Probiotics and the Common Cold

//Probiotics and the Common Cold

Probiotics and the Common Cold

Research appearing in the International Journal of Sports Nutrition, Exercise and Metabolism (Feb 2011) looked at the use of probiotics and their effect on the immune systems of 58 athletes. The 58 subjects of the study were randomly assigned to receive either a probiotic supplement (Lactobacillus casei Shirota) for a period of 16 weeks. The placebo group had 36% higher incidence of upper respiratory infections (URTI) compared to the group receiving the supplement. According to the authors, “regular ingestion of LcS appears to be beneficial in reducing the frequency of URTI in an athletic cohort, which may be related to better maintenance of saliva IgA levels during winter period of training and competition.”

Let’s put this into words that most people can understand.

The number of microorganisms in your gastrointestinal tract greatly outnumber the cells in your body; your gut has about 100 trillion microorganisms and your body has about 10 trillion cells. This gut “ecosystem” has dramatic affects on many different body systems, especially your immune system.

Essentially, stress in any form (structural, chemical, or emotional) can irritate the sensitive lining of your digestive tract and thus, affecting the amount of gut bacteria that are actually attached to the lining of your digestive tract.

For example, many times long distance runners find that while they are training for competition their immune system will crash and flu type symptoms appear. Why is that and what does that mean? Intense training for competition, especially a marathon, can be very physically stressful. And…stress (of any kind) can irritate the lining of your gut. And as I noted above, your gut has a big affect on your immune system.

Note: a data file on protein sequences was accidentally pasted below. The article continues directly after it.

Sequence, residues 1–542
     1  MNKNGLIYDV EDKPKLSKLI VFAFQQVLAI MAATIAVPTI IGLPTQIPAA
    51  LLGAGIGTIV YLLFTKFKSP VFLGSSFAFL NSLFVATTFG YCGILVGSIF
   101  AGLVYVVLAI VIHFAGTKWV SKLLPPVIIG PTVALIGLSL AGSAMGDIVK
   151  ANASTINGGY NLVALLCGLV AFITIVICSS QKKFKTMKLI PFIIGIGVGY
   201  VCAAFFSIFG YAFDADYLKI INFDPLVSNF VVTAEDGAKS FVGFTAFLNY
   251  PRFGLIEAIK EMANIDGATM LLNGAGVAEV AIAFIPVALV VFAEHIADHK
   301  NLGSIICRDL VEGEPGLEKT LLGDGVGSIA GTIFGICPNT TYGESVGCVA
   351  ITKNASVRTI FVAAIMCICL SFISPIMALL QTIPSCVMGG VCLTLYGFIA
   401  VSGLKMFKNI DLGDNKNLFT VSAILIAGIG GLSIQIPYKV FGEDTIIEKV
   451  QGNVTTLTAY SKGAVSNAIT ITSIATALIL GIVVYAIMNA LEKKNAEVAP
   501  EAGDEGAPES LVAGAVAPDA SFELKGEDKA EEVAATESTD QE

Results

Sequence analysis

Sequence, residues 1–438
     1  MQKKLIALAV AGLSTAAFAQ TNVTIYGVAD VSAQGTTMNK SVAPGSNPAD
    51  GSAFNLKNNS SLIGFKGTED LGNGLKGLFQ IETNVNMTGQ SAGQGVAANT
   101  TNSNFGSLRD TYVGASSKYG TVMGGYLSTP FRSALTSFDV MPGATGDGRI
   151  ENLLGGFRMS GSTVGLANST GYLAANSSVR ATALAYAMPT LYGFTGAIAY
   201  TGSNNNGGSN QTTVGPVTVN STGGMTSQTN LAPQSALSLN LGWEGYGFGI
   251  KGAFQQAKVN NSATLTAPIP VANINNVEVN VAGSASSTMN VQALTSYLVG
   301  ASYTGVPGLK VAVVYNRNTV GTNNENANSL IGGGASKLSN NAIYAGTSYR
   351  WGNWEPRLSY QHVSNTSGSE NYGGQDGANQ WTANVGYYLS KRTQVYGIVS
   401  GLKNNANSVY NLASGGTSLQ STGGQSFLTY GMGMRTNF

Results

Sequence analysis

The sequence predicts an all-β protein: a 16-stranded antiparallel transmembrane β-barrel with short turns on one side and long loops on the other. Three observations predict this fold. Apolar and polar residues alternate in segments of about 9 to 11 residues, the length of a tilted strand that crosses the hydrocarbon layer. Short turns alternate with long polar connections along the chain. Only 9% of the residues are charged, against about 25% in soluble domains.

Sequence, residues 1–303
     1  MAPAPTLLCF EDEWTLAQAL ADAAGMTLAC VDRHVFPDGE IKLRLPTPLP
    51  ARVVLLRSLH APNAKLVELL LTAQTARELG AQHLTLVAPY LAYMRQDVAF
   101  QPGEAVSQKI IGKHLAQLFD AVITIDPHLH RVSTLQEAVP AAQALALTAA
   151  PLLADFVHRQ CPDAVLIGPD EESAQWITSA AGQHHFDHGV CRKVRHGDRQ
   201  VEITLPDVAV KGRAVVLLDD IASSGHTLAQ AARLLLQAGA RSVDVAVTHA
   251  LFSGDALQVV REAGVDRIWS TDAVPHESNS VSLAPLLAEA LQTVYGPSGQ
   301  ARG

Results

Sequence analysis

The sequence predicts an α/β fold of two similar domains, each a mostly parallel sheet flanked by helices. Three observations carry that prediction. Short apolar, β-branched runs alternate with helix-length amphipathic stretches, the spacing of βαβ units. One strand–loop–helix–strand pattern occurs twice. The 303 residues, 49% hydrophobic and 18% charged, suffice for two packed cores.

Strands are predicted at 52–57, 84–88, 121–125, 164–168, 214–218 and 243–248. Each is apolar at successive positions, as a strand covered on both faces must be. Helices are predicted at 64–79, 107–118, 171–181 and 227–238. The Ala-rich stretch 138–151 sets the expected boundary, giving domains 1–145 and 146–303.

Another common situation is antibiotic use. Antibiotics will not only kill “bad” bacteria, but will also kill the “good” bacteria. Which is why people notice antibiotics affecting their immune system and their digestive tract.

Here are some things that you can do to help yourself in this situation:
add natural probiotic rich foods to your diet like kefir, sauerkraut, and good quality yogurt.
avoid sugar. this alters your gut environment and can feed other microorganisms like candida (yeast).
use coconut oil for cooking. This oil has caprylic acid in it which has anti fungal properties.
supplement with a good quality probiotic that has mainly Lactobacillus acidophilus and Bifidobacterium. These make up the majority of the “good” bacteria in your gut.
Hopefully this sheds some light on a sometimes confusing topic and helps you RECLAIM YOUR HEALTH.

By | 2018-02-13T19:23:44+00:00 February 13th, 2018|Uncategorized|0 Comments

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